Hash Maps

c++17 containers intermediate

Related: Hash Sets

Hash maps, sometimes called dictionary or table, are known as unordered maps in C++. The C++ standard library’s implementation of hash map is called std::unordered_map. std::unordered_map makes no guarantees about the order of its keys and their order can depend on when they are inserted into the map. This means when iterating the key-value pairs of std::unordered_map we cannot know the order of iteration. This allows std::unordered_map to optimize for the usage of element insertion and search, or the finding of individual values by key, when compared to std::map.

#include <unordered_map>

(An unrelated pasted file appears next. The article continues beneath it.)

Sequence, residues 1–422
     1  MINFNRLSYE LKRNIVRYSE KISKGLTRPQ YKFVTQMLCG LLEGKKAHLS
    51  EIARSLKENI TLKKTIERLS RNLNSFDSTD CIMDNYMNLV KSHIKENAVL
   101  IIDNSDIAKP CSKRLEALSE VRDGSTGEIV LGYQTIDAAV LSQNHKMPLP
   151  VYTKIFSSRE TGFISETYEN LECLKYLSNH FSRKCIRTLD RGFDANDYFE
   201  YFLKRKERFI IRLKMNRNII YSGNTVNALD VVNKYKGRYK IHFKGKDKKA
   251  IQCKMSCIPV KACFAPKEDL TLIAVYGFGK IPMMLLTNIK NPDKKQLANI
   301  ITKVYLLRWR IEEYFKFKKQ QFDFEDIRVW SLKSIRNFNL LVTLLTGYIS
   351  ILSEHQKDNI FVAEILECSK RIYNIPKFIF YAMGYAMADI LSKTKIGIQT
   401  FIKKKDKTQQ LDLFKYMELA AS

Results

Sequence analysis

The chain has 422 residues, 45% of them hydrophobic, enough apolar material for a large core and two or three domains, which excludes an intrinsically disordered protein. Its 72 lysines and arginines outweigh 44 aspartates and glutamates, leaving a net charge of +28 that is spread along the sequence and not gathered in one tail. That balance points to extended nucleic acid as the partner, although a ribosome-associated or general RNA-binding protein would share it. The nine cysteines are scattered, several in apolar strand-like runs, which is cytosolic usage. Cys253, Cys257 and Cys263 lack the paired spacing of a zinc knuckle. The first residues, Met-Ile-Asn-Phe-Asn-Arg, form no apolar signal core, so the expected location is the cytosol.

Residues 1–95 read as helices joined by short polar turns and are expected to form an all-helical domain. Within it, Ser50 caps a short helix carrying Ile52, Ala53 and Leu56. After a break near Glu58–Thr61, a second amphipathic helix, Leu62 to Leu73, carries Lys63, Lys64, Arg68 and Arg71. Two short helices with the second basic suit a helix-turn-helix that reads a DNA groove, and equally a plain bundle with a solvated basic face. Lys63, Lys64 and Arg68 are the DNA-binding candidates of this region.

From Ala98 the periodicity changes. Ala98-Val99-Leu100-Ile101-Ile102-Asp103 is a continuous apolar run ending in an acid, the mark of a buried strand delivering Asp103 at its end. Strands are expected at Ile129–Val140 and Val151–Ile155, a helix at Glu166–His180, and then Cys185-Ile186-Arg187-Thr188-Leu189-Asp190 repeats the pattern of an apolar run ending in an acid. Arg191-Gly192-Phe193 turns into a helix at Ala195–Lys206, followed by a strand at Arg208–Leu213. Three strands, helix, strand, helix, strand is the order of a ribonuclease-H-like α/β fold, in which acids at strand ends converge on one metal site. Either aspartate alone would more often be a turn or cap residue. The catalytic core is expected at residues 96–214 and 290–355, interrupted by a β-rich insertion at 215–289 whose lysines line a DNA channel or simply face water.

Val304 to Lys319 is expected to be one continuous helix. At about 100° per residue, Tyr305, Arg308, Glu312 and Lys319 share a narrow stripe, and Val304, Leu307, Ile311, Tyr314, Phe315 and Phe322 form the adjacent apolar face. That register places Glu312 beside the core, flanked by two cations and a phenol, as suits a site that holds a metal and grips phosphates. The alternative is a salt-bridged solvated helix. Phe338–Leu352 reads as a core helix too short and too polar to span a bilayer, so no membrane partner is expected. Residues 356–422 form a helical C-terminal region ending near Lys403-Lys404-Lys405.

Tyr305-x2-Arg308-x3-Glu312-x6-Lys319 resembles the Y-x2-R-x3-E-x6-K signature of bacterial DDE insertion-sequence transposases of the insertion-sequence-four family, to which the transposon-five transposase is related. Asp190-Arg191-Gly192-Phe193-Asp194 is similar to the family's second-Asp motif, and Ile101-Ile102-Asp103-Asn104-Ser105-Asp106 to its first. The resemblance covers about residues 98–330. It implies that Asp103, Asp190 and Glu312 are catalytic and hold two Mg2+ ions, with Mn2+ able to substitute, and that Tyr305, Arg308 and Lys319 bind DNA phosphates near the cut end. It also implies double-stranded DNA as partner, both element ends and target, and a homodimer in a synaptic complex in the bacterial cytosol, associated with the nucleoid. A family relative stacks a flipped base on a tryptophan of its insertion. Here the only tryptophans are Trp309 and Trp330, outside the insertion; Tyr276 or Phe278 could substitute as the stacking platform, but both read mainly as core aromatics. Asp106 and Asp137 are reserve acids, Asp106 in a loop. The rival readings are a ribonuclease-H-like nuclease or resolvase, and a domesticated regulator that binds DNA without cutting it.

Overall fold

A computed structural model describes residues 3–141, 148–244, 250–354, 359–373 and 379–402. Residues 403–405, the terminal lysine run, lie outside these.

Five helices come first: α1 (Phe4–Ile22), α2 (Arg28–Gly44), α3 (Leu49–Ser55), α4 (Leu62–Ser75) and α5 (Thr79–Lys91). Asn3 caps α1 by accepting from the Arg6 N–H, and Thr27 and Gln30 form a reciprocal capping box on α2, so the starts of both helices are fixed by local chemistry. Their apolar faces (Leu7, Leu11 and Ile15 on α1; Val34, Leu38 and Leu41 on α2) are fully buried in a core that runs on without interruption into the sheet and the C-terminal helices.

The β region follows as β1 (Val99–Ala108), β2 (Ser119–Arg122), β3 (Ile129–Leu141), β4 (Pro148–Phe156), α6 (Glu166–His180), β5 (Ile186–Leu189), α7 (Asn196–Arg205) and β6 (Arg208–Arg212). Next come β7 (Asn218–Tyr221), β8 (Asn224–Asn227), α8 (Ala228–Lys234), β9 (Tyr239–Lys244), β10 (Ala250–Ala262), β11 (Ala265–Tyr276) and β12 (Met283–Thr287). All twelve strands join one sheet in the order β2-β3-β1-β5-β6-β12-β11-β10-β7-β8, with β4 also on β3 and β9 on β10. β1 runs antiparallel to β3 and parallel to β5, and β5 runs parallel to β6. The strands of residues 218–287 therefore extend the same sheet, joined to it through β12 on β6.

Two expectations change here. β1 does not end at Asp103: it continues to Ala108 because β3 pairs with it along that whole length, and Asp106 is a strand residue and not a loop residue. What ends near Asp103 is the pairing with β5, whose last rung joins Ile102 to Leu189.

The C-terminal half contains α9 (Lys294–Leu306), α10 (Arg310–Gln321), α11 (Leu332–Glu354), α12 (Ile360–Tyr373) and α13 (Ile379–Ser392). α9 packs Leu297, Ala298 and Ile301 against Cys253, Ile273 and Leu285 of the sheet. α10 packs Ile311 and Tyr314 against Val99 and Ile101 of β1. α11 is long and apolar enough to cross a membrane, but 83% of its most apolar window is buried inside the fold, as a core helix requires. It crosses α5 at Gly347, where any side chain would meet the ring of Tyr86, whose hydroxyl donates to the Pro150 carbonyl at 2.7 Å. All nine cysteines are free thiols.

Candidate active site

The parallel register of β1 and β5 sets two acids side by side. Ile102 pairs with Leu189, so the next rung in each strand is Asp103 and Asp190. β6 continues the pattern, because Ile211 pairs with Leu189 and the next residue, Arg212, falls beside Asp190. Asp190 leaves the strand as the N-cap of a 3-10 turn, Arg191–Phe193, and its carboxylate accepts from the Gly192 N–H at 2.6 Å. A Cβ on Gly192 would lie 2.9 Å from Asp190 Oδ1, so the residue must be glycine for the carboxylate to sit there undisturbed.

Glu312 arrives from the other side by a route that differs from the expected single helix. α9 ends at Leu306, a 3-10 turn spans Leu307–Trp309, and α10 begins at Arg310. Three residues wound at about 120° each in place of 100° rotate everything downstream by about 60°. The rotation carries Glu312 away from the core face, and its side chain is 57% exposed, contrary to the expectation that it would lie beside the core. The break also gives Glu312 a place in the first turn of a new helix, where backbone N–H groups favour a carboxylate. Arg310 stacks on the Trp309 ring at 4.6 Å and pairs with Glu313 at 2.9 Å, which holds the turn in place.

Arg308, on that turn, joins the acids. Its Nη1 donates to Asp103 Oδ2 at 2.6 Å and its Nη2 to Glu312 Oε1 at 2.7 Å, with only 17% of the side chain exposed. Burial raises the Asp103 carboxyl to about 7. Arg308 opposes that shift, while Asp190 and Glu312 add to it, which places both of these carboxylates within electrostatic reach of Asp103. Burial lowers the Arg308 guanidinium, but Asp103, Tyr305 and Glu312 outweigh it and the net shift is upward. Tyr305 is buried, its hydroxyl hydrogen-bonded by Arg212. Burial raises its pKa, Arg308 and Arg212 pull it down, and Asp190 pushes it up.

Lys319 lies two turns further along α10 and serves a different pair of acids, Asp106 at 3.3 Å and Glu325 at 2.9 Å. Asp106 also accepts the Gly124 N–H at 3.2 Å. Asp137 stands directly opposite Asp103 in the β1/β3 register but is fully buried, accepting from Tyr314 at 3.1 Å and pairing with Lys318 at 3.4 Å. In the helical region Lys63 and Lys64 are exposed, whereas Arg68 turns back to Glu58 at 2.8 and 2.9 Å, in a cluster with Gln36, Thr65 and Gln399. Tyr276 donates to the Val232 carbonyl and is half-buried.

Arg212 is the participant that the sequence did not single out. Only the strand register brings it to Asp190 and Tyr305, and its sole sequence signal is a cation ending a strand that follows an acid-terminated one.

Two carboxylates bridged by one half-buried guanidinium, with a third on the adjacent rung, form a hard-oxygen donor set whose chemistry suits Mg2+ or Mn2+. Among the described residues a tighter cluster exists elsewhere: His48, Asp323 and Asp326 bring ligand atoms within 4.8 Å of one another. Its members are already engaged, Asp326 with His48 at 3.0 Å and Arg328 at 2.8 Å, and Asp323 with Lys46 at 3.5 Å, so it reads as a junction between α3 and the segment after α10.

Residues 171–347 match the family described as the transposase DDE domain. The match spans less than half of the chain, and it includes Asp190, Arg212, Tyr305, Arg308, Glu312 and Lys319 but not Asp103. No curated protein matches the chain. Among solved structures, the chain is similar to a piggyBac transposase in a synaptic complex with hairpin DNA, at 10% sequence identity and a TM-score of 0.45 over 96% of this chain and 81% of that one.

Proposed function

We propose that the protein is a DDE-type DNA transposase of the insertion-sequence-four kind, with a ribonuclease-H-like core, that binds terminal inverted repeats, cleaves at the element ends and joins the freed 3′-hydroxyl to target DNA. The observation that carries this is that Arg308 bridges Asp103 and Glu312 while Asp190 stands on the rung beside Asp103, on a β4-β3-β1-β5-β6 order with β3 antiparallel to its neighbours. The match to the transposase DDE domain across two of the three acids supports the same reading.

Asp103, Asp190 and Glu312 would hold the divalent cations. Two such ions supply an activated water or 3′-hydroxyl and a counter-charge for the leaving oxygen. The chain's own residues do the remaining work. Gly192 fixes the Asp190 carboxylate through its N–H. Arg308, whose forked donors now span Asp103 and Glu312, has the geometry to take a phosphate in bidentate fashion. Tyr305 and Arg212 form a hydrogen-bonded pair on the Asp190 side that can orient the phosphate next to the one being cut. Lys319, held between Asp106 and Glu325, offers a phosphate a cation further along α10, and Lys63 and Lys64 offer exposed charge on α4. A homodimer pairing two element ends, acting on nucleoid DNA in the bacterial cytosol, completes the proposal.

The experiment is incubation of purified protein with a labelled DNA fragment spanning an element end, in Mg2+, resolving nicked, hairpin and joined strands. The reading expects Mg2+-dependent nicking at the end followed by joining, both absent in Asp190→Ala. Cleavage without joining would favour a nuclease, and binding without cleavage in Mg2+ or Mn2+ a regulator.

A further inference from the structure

#include <string>
#include <iostream>

int main() {
  std::unordered_map<int, std::string> statusMessages{
    {200, "Success"},
    {404, "This is not the page you're looking for"},
    {403, "Unauthorized"},
    {418, "I'm a teapot"},
  statusMessages.insert({503, "Something went wrong"});

  std::cout << statusMessages[418] << "\n"; 
I'm a teapot

Element Lookup

There’s two methods to find an element in a std::unordered_map: the find() method and the square bracket operator([]). To learn more click here.

Storing Custom Types

std::unordered_map requires that the keys of the map are able to be compared for equality, meaning the keys should support the equality operator (==). The keys of std::unordered_map are also required to be able to be hashable meaning you need to write a specialization of std::hash for the key type. To learn more about storing custom types in std::unordered_map click here.

Another Key-Value Container

There’s another ordered key-value container in C++: std::map. While technically not a hash map, std::map is a key-value container that maintains its keys in sorted order at all times. Click here to learn more.

For more C++ By Example, click here.